Monday, 18 June 2007

FEATURE REQUEST: VS DbPro - Refactor/Delete function

If you have been using Db Pro (aka DataDude) you may have hit this little headache during your build phase... if you delete a column, table, stored proc, function or other object, references to it are not deleted thus leaving your project in an error state which is simple to fix however time-consuming and unnecessary.

I've suggested this should be a prompted action whenever you do a schema view delete... and if the action is not carried out, then all affected items should be flagged.

If you've hit this little nugget of joy, please vote for the feature request...

************** UPDATE FROM MICROSOFT **************

This is a good suggestion, thank you for your feedback. We are considering your suggestion for future release.
Posted by Microsoft on 22/08/2007 at 9:45 AM
************** ANOTHER UPDATE FROM MICROSOFT **************
We are concerned about two potential problems around how we understand your suggestion:1) Cascading deletions. If we were to enable deletion of dependent objects automatically, the cascade could be disasterous2) Statement level references. Do you envision deletion of referencing statements within programmability objects or deletion of the programmability object (function, sproc, etc.) as a whole?We do believe that the deletion of child objects, such as indexes or triggers on a table being deleted, is beneficial.We'd be interested in additional details you could provide on the scenario that you envision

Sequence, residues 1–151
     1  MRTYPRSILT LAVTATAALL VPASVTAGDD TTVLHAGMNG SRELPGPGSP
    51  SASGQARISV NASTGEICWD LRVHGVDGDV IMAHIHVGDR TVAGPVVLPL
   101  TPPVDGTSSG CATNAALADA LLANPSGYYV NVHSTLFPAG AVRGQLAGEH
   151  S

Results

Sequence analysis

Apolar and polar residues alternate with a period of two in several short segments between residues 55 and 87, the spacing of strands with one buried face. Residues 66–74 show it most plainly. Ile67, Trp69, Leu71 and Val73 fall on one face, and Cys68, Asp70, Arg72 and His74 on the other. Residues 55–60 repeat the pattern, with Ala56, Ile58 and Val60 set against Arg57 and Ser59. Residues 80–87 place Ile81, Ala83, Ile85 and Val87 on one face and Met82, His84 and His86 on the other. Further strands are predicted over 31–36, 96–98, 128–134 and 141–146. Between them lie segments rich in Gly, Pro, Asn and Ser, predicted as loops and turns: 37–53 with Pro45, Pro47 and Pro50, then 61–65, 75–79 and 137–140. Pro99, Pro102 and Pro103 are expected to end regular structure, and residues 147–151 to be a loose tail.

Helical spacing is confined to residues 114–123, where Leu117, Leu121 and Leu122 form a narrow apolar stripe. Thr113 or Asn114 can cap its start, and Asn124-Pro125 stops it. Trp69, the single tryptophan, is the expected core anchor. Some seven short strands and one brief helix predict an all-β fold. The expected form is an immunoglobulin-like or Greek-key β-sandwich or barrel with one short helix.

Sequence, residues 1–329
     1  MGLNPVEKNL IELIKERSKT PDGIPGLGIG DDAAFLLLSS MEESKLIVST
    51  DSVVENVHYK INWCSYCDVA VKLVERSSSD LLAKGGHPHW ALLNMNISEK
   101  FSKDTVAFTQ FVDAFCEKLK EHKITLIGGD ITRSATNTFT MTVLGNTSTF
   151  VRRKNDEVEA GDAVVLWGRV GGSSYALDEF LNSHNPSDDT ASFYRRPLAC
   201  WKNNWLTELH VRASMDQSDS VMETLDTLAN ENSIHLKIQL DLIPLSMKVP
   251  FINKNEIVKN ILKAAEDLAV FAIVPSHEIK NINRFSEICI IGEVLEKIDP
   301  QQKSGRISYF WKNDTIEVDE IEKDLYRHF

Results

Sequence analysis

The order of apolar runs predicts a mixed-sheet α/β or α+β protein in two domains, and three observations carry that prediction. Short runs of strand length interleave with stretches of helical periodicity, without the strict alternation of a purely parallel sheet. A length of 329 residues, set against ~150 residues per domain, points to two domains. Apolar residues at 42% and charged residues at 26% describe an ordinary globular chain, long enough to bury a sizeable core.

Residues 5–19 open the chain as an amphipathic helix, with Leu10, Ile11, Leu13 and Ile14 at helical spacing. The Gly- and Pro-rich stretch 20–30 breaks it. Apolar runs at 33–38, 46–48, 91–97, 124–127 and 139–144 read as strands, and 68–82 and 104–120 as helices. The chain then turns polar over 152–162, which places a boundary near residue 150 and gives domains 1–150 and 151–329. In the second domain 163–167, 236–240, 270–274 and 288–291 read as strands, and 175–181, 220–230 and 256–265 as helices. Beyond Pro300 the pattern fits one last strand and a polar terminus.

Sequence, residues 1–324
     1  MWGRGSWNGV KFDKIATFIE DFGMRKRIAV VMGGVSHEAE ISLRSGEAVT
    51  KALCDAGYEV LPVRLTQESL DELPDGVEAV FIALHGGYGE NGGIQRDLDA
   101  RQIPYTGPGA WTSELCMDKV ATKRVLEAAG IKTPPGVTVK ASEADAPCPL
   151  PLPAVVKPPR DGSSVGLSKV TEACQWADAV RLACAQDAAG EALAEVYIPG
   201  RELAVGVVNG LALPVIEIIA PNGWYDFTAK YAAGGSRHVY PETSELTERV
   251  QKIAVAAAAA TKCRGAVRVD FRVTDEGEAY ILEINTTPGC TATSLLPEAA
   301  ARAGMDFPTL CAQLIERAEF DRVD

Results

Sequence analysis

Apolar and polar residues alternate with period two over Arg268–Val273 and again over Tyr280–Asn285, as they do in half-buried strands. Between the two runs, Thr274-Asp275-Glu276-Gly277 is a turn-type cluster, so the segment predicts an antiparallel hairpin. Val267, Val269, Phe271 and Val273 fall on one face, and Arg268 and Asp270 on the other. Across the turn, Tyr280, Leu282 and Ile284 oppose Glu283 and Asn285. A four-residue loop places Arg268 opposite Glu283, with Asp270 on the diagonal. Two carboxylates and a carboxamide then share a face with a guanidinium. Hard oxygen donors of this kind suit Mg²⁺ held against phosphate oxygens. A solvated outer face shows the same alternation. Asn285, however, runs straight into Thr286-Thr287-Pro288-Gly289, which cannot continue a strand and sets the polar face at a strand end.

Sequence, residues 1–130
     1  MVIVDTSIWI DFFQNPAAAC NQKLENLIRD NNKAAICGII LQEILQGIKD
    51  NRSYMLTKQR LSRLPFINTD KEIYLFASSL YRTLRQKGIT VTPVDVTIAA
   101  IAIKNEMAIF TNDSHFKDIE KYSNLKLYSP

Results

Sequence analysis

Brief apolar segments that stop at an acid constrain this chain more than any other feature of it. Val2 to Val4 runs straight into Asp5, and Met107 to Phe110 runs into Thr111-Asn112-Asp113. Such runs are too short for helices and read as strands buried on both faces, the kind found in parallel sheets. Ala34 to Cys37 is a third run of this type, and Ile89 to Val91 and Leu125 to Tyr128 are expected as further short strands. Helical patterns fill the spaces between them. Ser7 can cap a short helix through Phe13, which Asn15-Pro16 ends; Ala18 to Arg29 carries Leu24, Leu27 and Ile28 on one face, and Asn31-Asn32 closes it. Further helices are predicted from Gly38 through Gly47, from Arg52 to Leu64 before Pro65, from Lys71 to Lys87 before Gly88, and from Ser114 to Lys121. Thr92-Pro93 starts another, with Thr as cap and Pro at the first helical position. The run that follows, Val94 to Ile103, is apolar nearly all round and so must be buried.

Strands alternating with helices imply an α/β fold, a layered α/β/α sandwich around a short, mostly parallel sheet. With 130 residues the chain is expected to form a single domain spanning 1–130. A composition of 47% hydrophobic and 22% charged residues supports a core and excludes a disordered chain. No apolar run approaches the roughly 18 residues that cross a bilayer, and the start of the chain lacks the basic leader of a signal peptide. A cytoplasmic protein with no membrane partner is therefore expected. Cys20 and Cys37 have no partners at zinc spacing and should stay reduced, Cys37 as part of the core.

Posted by Microsoft on 8/22/2007 at 9:45 AM

I agree that a cascading delete would be far too heavy-handed. An excellent solution would be something similar to a 'schema compare'.
For example, let's say I select Refactor>Delete on an object called [Qty] on the [Order] table. A window appears looking very like the schema compare window which lists all objects dependent on [Order].[Qty] broken down by schema type. When an object is selected, the object definition is shown below with the references to [Order].[Qty] highlighted and below that the update script (and the cursor in the update script is positioned to the current object).
I have 3 Update Actions available to each object in the list - Skip, Drop and Update.When I select, Drop, the Update script is automatically updated to carry out that action.When I select Update, I then remove or replace references to [Order].[Qty] in the update script for the current object.When I select Skip, the object is not changed in any way.
Once all changes are done, I can then hit 'Write Updates' to apply the changes including the delete of [Order].[Qty].
This implies that a 'Find Orphaned References' should also exist which identifies references to deleted objects ie when the 'Skip' update action was selected. And again, a similar approach could be taken as outlined above.
This approach covers both your questions ie eliminating the impact of cascading deletes and amending programmability objects as well as deleting them.
Posted by khodges on 8/29/2007 at 5:33 PM


Anonymous said...

I came across your blog recently as I was doing some research on business intelligence. I had
a few questions and was wondering what would be the best way to get in contact with you to discuss a few of them?


Kristen Hodges said...

Hi Bobby,

I've sent you an email just now. If the questions seem relevant to everyone else who may be reading, I will add them as comments on this post.